• Natural Gas News

    Ukrainian MPs, Naftogaz protest Nord Stream 2 agreement

Summary

Kyiv has found plenty to object to in the German-US undertakings regarding Nord Stream 2 and Ukrainian security.

by: William Powell

Posted in:

Complimentary, Natural Gas & LNG News, Europe, Top Stories, Europe, Infrastructure, Pipelines, News By Country, EU, Germany, Russia, Ukraine, United States

Ukrainian MPs, Naftogaz protest Nord Stream 2 agreement

More than a dozen Ukrainian deputies have written in protest against the July 21 US-Germany agreement to counter any attempts by Russia to use gas flows through the Nord Stream 2 pipeline to exert political pressure.

In paragraphs selectively quoted in English and posted on LinkedIn July 22 by the CEO of Ukrainian pipeline operator GTSOU Sergiy Makogon, they thanked the EU, the UK, US, Canada "and other democracies" for countering Russian threats to Ukraine's statehood, integrity and sovereignty.

Along with the claim that Nord Stream 2 makes Europe dependent on Russia and is a tool for projecting Russian power in the Baltic Sea, they said that Moscow's aim was to exacerbate and strengthen discord within the democratic European communities.

The CEO of state gas company Naftogaz Yuri Vitrenko also reacted negatively to the deal. “How can the country's critical security threats be offset? Ukraine is already the target of Russian military aggression. If there is no physical transit of gas through Ukraine, the risk of a full-scale Russian military offensive will increase significantly. Russia will expect Europe to simply express deep concern over events in Ukraine as long as Moscow’s military actions do not affect European consumers,” he told Voice of America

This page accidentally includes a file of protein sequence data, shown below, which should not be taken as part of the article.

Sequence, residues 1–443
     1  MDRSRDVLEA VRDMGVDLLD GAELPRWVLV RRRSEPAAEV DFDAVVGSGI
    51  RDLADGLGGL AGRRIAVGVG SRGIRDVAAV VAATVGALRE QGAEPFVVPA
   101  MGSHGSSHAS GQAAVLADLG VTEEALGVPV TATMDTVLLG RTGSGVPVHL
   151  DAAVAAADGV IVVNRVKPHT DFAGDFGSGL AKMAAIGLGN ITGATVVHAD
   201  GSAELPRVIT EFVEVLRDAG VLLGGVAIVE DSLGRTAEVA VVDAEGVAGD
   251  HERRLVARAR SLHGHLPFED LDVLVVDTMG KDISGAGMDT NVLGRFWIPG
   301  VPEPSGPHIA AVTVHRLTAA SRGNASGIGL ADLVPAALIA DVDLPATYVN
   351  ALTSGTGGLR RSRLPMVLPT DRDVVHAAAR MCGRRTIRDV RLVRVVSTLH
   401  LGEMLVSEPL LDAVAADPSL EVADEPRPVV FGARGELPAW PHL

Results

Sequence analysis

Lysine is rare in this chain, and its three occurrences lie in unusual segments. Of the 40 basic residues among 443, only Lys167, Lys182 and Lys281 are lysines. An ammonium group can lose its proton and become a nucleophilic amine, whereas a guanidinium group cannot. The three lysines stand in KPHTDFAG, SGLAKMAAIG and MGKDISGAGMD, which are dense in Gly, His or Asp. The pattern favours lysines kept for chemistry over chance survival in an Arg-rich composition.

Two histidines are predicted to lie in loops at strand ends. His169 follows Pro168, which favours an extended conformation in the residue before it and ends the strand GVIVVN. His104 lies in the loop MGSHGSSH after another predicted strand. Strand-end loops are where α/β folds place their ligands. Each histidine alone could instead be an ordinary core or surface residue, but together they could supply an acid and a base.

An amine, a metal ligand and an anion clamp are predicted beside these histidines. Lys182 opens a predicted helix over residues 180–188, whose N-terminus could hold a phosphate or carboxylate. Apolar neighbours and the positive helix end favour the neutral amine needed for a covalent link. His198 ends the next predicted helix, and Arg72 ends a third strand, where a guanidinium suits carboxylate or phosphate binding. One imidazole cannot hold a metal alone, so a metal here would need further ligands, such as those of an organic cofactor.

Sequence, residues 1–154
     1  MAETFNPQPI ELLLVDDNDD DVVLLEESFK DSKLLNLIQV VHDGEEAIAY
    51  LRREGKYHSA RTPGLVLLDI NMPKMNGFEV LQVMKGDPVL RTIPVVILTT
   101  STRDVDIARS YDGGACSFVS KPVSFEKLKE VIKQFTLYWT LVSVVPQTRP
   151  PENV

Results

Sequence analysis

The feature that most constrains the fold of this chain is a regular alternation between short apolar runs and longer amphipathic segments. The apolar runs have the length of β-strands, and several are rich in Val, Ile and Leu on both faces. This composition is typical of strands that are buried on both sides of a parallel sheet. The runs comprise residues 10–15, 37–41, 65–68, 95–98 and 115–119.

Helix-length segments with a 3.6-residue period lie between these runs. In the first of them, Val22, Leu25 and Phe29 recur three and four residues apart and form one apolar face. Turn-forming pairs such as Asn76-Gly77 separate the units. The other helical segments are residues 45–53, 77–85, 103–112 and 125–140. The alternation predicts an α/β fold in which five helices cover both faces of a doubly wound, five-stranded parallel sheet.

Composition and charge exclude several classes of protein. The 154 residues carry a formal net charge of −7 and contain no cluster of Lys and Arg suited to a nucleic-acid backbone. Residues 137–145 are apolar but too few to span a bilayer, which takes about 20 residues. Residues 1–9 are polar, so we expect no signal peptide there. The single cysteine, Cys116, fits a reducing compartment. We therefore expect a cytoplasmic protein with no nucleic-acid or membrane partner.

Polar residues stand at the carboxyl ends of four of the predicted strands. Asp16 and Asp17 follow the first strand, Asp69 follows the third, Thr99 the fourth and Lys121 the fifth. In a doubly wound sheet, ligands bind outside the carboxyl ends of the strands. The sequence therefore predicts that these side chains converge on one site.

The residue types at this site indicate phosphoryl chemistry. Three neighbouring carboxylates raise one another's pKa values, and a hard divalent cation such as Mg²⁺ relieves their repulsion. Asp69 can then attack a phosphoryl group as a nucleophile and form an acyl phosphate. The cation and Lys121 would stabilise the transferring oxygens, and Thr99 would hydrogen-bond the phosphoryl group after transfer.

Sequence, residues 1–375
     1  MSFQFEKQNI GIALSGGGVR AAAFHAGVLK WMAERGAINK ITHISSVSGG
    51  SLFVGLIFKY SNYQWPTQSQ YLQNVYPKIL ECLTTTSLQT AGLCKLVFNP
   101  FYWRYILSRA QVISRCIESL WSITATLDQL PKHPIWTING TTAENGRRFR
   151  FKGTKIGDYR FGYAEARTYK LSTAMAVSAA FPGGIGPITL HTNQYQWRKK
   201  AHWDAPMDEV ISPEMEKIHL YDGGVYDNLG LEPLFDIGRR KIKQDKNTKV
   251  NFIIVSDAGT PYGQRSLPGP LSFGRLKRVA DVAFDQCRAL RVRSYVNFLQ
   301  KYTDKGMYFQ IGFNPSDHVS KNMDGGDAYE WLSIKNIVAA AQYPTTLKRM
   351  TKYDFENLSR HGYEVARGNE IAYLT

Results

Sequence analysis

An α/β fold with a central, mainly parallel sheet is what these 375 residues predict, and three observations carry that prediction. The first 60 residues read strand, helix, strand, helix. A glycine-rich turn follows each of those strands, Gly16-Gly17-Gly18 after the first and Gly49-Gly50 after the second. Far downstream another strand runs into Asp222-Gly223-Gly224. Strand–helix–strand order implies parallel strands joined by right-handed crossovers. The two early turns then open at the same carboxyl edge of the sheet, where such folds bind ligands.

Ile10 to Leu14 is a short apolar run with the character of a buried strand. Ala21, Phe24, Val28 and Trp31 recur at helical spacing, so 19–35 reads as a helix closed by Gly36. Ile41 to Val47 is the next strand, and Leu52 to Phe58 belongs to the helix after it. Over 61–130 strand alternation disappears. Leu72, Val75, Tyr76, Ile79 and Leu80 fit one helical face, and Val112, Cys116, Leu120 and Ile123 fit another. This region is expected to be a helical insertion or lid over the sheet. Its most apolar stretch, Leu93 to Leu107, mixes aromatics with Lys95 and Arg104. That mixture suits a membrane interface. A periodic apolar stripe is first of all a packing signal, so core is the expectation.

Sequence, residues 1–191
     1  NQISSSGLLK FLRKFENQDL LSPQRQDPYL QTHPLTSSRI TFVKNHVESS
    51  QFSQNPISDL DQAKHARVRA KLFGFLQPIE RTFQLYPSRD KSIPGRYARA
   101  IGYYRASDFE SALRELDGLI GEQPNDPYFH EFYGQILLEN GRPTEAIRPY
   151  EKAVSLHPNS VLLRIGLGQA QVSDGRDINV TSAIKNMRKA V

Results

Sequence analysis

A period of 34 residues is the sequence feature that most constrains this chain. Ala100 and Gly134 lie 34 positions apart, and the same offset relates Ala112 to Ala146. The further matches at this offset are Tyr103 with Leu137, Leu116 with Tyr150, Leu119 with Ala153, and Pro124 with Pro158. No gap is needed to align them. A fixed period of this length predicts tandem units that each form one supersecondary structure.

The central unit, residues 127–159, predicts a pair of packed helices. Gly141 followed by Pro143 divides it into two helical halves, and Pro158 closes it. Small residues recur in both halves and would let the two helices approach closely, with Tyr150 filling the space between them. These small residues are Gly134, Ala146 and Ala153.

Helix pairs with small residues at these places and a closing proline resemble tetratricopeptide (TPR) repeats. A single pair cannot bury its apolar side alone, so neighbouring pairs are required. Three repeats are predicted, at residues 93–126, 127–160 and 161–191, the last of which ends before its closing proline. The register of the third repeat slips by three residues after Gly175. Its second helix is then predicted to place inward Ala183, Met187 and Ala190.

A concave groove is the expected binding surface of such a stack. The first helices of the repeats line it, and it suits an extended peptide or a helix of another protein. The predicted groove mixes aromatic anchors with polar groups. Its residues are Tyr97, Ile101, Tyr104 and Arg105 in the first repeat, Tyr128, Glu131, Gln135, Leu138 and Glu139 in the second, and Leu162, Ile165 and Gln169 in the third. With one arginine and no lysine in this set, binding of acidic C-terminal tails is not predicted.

Vitrenko expressed doubts about the reliability of the discussed guarantees regarding German “gas sanctions” in case of full-scale Russian aggression against Ukraine and said the German regulator should refuse to certify the pipeline as an independent operator – an acceptable alternative to full ownership unbundling under European energy law.

Nord Stream 1 carries 55bn m³/year, as will Nord Stream 2 if it is allowed all onshore pipeline capacity; an onshore route through Poland carries 30bn m³/yr and Ukraine is contracted to carry 40bn m³/yr until the end of 2024, for which it receives a few billion dollars/yr on ship-or-pay terms. TurkStream is also now operational and delivering Russian gas from Russia into southern Europe by way of Turkey.

The Germany-Washington deal does not identify more than $70mn in immediate support measures for Ukraine, although Germany does commit to do what it can to extend the transit deal by a decade. Ukraine next month marks its 30th anniversary as an independent state and it stopped buying gas directly from Russia several years ago.